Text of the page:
The ABBA task was performed over 7 blocks of 40 trials resulting in a total number of 280 trials. The influence of value was investigated in a between-subject design: In the go-for-reward group (go-cue linked to reward colour) the previously rewarded colour cue was followed by a go signal in 80% of the trials and by a no-go signal in 20% of the trials (112 versus 28 trials), whereas the cue presented in the neutral colour was followed by a go signal in 20% of the trials and by no-go signal in 80% of the trials. In the go-for-neutral group (go-cue linked to neutral colour) the pattern was reversed so that the neutral colour cue predicted to go for a response, while the reward associated colour predicted to withhold a response. Cues provided two kinds of information. On the one hand cues informed about the probability of the required response in each trial. Learning these probabilities should improve performance during the course of the experiment after valid cues (when the predictive value of the cue matched the response signal) and become more and more complicated after invalid cues (when the cue signals the contrary response). On the other hand, cues were also associated with previous feedback (reward vs. neutral) which allowed to examine the effect of previously established reward associations on behavioural activation and inhibition by comparing the two experimental groups. We expected that cues associated with a reward would cause activation or promote readiness to respond in terms of facilitated approach motivation while making it harder to inhibit responses. Thus, we hypothesised participants would respond faster after valid go-cues, if their colour was previously associated with a reward and that invalid reward-associated cues would cause a higher percentage of inhibition errors in no-go trials. Half of the participants was randomly assigned to each of the two groups (38 subjects each were compared). Colour randomisation was fully counterbalanced in the total sample and within the two groups. SOA conditions were evenly distributed over trials and experimental conditions were presented in a pseudo-randomized fashion per block.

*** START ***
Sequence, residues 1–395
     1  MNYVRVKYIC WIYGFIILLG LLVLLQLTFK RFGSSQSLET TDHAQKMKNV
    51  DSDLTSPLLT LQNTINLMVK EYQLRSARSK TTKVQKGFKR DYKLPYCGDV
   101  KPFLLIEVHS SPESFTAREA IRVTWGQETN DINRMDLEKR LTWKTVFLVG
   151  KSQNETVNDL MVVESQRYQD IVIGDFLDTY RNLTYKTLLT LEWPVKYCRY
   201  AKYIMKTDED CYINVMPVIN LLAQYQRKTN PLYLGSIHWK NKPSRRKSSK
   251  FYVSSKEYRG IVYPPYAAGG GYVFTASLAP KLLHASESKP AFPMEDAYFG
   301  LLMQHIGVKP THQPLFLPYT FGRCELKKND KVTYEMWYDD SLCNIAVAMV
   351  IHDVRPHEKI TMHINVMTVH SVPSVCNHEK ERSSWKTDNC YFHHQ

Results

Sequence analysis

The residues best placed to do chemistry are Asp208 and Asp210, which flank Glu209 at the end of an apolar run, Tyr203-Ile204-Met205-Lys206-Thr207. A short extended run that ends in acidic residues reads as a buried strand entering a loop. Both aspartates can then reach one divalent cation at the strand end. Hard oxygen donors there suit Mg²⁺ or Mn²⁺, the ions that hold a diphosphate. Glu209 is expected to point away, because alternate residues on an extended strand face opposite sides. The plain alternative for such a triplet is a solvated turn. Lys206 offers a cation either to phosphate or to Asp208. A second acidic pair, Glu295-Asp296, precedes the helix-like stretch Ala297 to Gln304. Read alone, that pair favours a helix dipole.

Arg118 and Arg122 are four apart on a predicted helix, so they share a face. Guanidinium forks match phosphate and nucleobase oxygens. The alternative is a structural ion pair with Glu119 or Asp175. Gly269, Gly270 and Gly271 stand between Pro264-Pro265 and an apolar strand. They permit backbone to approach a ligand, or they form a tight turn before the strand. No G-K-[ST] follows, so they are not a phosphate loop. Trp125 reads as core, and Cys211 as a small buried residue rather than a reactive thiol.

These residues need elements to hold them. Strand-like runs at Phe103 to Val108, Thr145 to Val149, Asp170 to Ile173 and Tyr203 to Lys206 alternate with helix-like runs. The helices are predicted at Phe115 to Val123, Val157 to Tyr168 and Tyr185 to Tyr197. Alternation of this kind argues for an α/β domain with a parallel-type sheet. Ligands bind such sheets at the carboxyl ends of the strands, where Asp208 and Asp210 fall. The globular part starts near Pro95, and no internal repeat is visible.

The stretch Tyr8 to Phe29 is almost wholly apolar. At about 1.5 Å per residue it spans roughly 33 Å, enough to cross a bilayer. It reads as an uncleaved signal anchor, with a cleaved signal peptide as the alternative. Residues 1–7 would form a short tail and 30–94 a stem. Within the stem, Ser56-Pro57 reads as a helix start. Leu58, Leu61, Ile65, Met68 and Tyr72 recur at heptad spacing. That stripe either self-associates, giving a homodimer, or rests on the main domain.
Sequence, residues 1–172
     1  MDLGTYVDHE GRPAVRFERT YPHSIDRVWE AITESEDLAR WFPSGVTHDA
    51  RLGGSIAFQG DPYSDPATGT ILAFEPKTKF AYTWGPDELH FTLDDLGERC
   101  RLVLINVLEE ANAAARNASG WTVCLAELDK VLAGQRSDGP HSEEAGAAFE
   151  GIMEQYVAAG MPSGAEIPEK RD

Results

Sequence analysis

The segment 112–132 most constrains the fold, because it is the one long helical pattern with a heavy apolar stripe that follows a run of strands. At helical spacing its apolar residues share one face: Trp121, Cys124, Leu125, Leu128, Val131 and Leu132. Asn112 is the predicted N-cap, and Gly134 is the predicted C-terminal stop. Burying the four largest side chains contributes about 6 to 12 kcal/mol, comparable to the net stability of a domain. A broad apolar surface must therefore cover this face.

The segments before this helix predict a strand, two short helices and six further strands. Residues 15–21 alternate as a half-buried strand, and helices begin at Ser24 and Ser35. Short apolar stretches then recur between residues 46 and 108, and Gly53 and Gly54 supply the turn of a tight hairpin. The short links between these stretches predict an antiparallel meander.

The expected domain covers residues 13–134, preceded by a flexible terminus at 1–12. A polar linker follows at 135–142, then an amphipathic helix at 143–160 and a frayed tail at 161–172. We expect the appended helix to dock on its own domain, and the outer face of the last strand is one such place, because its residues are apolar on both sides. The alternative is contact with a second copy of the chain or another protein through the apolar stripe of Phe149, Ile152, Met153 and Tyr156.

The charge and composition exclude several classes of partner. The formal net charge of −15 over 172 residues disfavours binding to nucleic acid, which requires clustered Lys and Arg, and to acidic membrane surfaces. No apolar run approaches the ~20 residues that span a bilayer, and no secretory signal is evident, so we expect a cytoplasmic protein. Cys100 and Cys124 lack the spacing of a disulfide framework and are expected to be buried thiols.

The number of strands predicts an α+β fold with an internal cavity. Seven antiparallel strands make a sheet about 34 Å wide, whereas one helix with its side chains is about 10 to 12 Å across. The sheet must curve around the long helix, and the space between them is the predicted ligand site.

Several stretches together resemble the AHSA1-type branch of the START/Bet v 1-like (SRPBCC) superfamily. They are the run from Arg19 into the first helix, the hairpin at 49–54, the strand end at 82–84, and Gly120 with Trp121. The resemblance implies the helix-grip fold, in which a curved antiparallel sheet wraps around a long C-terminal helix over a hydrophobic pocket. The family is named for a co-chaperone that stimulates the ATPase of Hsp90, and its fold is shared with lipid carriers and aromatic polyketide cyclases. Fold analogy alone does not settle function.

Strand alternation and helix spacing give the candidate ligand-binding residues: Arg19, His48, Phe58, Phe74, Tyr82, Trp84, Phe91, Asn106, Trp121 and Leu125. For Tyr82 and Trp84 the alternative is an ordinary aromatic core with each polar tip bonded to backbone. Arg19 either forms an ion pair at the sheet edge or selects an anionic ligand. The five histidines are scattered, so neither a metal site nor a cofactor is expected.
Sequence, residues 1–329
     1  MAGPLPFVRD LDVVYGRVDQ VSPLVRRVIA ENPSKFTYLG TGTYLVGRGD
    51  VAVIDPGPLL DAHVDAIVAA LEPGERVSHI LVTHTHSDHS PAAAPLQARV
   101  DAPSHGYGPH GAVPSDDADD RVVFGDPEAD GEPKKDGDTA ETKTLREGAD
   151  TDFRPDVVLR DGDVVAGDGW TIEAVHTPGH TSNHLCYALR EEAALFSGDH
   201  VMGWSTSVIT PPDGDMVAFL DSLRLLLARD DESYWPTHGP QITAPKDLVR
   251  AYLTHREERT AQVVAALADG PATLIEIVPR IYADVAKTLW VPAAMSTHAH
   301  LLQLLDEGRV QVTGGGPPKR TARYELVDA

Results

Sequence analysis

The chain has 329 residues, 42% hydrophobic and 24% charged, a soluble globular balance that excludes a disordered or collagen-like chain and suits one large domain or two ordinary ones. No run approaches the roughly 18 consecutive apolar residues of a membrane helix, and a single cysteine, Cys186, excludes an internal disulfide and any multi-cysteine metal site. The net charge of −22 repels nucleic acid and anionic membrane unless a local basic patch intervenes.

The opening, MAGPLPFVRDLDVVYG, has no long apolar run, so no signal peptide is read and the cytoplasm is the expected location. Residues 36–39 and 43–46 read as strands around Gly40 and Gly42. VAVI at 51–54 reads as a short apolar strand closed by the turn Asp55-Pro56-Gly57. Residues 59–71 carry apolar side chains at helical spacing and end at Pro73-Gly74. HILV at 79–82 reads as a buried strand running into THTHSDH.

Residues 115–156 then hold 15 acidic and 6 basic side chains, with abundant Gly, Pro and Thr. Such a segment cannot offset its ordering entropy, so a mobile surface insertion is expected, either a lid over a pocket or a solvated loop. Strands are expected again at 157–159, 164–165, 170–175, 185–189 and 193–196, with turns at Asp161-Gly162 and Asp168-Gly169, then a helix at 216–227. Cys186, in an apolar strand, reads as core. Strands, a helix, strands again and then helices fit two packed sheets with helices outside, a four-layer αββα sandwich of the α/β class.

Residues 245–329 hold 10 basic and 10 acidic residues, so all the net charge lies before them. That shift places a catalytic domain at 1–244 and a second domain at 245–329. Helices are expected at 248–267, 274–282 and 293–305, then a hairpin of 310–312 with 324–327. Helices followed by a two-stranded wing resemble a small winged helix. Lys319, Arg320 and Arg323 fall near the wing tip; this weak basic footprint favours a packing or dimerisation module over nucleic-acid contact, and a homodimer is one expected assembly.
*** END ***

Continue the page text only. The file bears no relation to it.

Power calculations for experiment 1 To estimate an adequate sample size for the experiment power calculations were performed a priori using GPower 3 (Faul, Erdfelder, Lang, & Buchner, 2007). The calculations were performed setting α = 0.05 and β = 0.85 assuming a medium effect size (f = 0.25). We focussed on the most interesting effects, the between-group differences in a repeated analysis of variance. The analysis revealed a sufficient sample size of N = 74 participants with an actual power of β = 0.85.